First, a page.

Animal Acts and the Circus
The Terror and Subjugation of Entertainment Animals
During the Seven Year’s War, and English entrepreneur named Phillip Astley began an equestrian act that would become the antecedent of the modern American circus. In 1793, Bill Ricketts cultivated Astley’s idea and opened the first one ring show in Philadelphia to great acclaim and success. Soon after in 1825, Joshuah Purdy Brown developed a canvas tent to house performers and the travelling circus was founded. Along with the awe inspiring trapeze artists, amazing strongmen, daring tightrope walkers and enigmatic ring masters, a hidden legacy of cruelty and animal abuse was born alongside this American tradition.
As equestrian acts gave way to exotic menageries it was clear to the owners that their audiences were enthralled by the majesty and grandeur of their exotic beasts. To the circus, animals meant money and it wasn’t long before they were being trained to perform alongside humans. Common sense dictates that training a wild animal requires more than praise and treats but circus propaganda insists that attaboys and snacks are enough. It is a lie, circus animals are abused. They are beaten, whipped, chained by their ankles, made to live the majority of their existence in cages and are subjected to psychological torture by the very people who call them “family”.
When animals are made to perform unnatural acts in taxing environments everyone suffers. Once the pain and confusion become too much to bear, these animals experience horrific breakdowns and turn on their handlers. In the end, there is sorrow and death. The circus is no place for animals.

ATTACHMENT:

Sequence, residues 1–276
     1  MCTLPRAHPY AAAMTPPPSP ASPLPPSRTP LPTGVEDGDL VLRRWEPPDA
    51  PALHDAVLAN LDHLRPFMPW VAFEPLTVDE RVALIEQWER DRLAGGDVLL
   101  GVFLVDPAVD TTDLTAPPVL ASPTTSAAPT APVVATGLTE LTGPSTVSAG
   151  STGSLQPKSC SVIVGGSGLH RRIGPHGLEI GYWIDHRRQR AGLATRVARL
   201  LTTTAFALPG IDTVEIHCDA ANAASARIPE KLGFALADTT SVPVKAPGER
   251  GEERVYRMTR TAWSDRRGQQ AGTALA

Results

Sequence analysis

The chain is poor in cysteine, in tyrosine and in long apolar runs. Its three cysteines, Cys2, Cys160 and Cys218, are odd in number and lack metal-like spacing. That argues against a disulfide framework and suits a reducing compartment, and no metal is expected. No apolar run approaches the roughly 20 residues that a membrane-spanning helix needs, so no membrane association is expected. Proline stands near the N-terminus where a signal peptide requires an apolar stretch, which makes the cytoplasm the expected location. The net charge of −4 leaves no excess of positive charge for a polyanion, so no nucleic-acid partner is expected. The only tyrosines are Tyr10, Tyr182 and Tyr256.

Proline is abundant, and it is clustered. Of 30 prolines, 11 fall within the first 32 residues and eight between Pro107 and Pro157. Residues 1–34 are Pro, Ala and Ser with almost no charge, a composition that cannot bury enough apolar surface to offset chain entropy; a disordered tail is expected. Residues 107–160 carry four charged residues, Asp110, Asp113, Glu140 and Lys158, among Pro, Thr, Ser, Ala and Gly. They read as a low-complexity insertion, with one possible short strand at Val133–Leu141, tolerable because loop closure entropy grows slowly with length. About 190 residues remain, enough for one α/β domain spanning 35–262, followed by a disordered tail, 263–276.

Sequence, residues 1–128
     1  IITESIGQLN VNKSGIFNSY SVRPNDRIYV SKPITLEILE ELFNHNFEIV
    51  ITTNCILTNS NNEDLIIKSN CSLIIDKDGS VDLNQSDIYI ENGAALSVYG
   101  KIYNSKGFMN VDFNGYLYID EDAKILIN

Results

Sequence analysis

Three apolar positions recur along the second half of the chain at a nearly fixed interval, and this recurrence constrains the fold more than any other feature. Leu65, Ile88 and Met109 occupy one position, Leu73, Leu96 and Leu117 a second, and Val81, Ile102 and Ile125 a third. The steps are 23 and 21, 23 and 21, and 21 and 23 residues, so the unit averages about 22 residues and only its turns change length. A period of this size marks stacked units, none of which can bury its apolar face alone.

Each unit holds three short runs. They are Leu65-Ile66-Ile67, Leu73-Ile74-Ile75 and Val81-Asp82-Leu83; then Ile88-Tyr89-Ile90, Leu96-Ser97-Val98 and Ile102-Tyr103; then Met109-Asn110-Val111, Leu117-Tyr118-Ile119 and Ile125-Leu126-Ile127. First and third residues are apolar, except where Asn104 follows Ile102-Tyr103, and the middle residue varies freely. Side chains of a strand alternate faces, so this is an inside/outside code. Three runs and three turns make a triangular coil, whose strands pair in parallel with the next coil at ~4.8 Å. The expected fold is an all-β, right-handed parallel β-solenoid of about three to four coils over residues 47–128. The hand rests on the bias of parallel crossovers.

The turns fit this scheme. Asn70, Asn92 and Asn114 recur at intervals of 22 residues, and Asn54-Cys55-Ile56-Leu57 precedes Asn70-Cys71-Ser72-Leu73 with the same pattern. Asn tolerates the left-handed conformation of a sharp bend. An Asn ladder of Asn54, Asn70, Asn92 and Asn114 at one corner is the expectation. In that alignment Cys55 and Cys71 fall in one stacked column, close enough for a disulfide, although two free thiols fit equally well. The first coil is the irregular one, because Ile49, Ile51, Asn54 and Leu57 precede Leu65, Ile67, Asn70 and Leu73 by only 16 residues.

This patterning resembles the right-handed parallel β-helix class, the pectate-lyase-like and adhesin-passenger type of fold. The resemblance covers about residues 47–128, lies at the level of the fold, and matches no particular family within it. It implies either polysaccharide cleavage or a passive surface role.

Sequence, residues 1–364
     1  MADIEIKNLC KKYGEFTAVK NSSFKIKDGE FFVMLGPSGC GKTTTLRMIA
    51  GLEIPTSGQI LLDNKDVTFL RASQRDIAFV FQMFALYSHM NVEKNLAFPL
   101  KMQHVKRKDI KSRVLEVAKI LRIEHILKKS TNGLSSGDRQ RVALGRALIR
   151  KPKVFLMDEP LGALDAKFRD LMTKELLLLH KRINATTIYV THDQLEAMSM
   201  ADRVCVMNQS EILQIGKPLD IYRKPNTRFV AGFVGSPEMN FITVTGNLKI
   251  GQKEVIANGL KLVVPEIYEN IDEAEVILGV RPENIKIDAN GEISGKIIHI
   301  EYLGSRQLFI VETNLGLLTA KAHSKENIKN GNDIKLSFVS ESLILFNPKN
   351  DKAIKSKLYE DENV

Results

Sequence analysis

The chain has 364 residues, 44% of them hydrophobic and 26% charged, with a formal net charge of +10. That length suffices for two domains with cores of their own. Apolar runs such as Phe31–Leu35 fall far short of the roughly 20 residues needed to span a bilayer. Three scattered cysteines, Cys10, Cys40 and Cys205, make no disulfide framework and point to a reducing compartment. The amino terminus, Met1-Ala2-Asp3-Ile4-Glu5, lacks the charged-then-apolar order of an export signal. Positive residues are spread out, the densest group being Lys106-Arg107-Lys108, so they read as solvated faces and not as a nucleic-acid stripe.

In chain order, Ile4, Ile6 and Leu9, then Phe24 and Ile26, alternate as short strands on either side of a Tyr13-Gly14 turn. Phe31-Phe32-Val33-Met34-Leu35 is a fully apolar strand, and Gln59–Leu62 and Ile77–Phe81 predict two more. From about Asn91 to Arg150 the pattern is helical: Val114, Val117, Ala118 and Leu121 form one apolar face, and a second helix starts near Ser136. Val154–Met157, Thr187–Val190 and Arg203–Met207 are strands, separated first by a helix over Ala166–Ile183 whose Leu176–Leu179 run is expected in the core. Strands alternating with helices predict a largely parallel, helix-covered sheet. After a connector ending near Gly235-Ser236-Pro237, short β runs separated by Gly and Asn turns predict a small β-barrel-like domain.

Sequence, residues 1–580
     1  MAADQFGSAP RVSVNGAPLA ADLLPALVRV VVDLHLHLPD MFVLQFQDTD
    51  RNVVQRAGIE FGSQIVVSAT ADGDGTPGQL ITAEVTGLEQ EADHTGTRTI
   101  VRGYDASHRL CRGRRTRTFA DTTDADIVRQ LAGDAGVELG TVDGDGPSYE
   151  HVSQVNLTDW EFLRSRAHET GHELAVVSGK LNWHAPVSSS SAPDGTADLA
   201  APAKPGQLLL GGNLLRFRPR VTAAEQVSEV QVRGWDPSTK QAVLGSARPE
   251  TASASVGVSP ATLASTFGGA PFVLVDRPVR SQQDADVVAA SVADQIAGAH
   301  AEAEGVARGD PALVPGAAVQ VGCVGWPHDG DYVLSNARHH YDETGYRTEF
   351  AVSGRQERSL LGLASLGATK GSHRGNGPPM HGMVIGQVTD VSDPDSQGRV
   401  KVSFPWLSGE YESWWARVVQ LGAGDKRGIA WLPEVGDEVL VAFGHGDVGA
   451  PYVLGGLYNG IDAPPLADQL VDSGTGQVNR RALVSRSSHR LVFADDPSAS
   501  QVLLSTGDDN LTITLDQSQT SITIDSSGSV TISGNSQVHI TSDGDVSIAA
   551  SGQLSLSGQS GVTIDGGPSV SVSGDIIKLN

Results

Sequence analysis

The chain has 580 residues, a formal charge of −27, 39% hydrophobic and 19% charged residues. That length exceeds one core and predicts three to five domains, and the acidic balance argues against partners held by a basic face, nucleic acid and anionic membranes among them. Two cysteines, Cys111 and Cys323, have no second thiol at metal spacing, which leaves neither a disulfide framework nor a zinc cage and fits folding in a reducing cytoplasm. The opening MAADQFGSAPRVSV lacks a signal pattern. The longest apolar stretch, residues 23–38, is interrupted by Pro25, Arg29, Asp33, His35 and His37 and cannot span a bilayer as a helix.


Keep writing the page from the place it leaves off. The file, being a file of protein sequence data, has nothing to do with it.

Live animal acts put both the performer and the people around it in danger. Firstly, some of the acts require elephants to hold unnatural positions two or more times daily for weeks on end. These positions restrict the inner organs and put stress on muscles and joints which are not genetically designed to hold that much weight. Pachyderms are designed to distribute their thousands of pounds between four points, not two. The older elephant performers suffer painful arthritis as a result.
In 1996, tuberculosis reemerged in two elephants housed at the Hawthorn Farm in Illinois. The USDA states that this is a case of reverse zoonosis, humans transmitting to animals. Regardless of how it began, that year 12 handlers from that farm were also diagnosed with TB. In the 15 years since, the number of elephants diagnosed with TB has risen to 51 despite the best efforts of the USDA to treat the disease [ (Susan K. Mikota, 2011) ]. Infected animals do not always show physical symptoms and the disease can lay dormant indefinitely. Trunk washes are the common method for testing elephants but are not always accurate. Since elephants are commonly rented out to different shows and circuses the spread of TB is difficult to control. Knowing this, many circuses and animal shows still offer elephant rides to the public.
Like any animal, circus animals are trained through operant conditioning. OC methods are where an animal changes its own behavior when a stimulus is applied. It is akin to positive reinforcement in dog training. On their website, Ringling Brothers Circus say, “…Reinforced through a system of reward and repetition, these abilities and behaviors are linked together on cue which ultimately becomes the routine that you see at a Ringling Bros. Circus.” They also will tell you on a FAQ page, “Anyone with a dog knows that training takes patience, praise and lots of treats, but the outcome is a secure, stimulating life for the animal. The same principles hold true for an elephant. “ Through videos, pictures and the testimony of former employees, these statements have been exposed as blatant lies. An animal trainer carries weapons not treats. Elephant trainers are always shown with bull-hooks in hand. Large cat trainers always have whips. Even the horse...
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